Is Melatonin Safe to Use as a Sleep Aid?

At some point in our lives, most of us have spent a night tossing and turning in bed, unable to fall asleep, despite our efforts. Maybe you’ve tried counting sheep or even listening to white noise. Some of you might have even made it to the medicine cabinet, popping melatonin in the hopes of a restful night’s sleep. But is melatonin truly effective? More importantly, is it safe?

“The short answer is yes, melatonin is useful for treating some sleep problems,” said Richard A. Parisi, MD of TPMG Lung and Sleep Specialists at Williamsburg. Melatonin is a natural hormone that is produced during the night that promotes sleep. It won’t put your brain to sleep, but it will tell your brain when it is time to fall asleep. Melatonin is typically used for those with a delayed sleep phase issue (when your sleep schedule shifts to later in the night), which is common in teenagers and young adults, or those with advanced sleep phase issues (when your sleep schedule shifts in the opposite direction) to help get your sleep schedule back on track.

Although melatonin can be an effective tool for readjusting your sleep schedule, if used incorrectly, it can be less effective. If melatonin is going to be effective, it must be used consistently. Taking one isolated dose for a temporary sleep problem will likely render the melatonin far less effective. Instead, melatonin is typically recommended for those with chronic sleep problems.

Another common mistake associated with melatonin use has to do with dosage. People oftentimes take more melatonin than is recommended for a single dose. While it is unlikely to cause you harm to take an extra pill or two, Dr. Parisi assures that a larger dose than recommended will not be more effective. There is no evidence that indicates an increased dosage is more helpful. Research shows that people with sleep problems almost never need more than three to five milligrams of melatonin to get a good result for certain sleep disorders.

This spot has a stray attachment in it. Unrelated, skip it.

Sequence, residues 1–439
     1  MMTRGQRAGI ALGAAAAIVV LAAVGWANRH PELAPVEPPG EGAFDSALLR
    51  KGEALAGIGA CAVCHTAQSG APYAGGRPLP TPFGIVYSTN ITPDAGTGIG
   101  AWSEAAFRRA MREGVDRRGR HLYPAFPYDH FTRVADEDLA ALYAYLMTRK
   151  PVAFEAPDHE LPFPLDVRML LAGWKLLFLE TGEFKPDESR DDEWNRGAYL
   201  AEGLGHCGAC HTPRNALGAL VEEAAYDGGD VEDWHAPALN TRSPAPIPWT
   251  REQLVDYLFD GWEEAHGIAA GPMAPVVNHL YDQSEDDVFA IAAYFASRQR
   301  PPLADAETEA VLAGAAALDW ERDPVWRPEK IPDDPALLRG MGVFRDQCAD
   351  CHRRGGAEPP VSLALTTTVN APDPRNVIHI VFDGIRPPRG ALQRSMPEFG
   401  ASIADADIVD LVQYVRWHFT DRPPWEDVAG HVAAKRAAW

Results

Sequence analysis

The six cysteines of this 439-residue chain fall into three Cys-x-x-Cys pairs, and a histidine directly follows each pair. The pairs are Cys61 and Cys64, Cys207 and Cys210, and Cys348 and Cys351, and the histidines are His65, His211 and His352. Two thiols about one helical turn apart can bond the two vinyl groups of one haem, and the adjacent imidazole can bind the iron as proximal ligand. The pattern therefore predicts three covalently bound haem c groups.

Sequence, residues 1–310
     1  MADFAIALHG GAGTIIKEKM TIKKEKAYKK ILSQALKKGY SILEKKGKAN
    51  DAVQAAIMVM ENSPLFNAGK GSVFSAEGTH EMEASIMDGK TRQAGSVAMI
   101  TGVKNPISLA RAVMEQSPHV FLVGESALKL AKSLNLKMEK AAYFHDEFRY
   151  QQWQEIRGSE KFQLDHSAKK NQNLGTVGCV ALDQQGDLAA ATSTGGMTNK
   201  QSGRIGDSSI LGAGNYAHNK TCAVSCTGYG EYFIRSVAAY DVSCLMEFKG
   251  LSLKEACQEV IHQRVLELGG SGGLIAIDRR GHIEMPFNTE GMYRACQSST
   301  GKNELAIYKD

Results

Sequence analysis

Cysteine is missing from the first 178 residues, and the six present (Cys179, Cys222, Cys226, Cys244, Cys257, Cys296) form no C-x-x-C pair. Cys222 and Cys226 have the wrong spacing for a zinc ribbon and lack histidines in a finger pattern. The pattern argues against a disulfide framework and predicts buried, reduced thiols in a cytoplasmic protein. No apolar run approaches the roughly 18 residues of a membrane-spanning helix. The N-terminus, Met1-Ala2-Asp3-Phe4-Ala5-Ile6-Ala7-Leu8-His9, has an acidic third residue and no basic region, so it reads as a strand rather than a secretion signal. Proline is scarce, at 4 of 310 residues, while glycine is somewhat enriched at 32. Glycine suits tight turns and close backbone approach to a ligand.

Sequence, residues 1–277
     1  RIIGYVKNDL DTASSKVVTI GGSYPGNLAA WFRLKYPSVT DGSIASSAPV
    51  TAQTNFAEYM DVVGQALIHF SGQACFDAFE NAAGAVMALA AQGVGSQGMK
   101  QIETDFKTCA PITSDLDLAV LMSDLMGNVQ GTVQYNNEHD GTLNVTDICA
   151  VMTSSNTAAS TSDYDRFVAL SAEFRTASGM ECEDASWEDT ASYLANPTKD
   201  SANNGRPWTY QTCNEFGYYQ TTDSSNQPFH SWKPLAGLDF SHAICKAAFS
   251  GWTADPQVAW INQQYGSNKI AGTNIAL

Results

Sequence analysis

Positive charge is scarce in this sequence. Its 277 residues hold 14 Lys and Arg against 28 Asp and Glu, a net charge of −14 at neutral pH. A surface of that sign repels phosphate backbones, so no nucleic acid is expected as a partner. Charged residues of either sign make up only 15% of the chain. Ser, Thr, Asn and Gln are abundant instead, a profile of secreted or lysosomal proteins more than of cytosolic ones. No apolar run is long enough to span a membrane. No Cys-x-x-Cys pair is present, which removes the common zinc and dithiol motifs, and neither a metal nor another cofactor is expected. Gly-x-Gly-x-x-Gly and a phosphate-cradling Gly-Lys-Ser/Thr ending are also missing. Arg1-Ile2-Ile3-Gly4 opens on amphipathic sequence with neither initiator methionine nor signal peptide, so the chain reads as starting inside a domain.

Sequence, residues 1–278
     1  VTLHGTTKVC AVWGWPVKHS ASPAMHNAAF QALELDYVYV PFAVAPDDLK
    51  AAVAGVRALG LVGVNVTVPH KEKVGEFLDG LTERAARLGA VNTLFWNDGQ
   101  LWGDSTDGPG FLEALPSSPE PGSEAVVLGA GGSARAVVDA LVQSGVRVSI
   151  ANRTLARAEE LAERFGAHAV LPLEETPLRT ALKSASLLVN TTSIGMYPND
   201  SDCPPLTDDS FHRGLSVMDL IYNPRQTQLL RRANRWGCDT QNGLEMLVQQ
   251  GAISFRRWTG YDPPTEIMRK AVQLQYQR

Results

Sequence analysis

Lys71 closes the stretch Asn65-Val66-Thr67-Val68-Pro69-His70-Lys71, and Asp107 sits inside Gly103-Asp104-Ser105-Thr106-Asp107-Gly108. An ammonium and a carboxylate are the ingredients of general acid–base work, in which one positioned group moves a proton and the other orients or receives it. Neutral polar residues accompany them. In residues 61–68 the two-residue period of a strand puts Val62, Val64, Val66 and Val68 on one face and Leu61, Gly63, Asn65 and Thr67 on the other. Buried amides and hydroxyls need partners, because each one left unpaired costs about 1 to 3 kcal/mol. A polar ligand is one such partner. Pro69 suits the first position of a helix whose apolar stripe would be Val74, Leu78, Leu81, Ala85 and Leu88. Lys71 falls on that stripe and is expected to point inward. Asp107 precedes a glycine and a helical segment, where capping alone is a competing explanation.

“Less is more when it comes to melatonin dosage,” said Dr. Parisi.

Beyond its effectiveness, melatonin is quite safe. There are few reports of long-term problems associated with melatonin use. In the short term, melatonin can cause depression or irritability, and some people experience an increased number of disturbing dreams. Additionally, those who take birth control have melatonin levels that are naturally high, so taking additional melatonin can cause you to feel sleepier.

While safe and effective, there are also other options to maintain healthy sleep behavior. Try keeping a consistent sleep schedule, focusing especially on a consistent wake-up time each morning. The consistency will help reset your internal clock. Other beneficial sleep habits include keeping your bedroom dark, cool, and quiet, avoiding caffeine or alcohol, and restricting your time spent awake in bed.

Sleep problems often have many different causes and sometimes melatonin is not the answer. Many people who have chronic or frequent problems with insomnia actually have an underlying sleep disorder that needs to be addressed. So instead of relying solely on over-the-counter medicine, consider discussing your condition with a doctor. In some cases, it may even be appropriate to see a sleep medicine specialist like Dr. Parisi to look for other disorders.

Richard A. Parisi, MD, is a fellowship trained, board certified physician with over 30 years of experience in Internal Medicine, Pulmonary Diseases, and Sleep Medicine. He is a Fellow of the American Academy of Sleep Medicine (AASM), a unique honor that recognizes special competency in sleep medicine and significant contributions to the field. Dr. Parisi has many years of experience in the field of sleep medicine, with a special interest in sleep apnea, narcolepsy, and other sleep-related disorders. He always strives to be a good listener while developing treatment plans in partnership with his patients.

Dr. Parisi sees patients starting at 13 years of age to adults and is accepting new patients.

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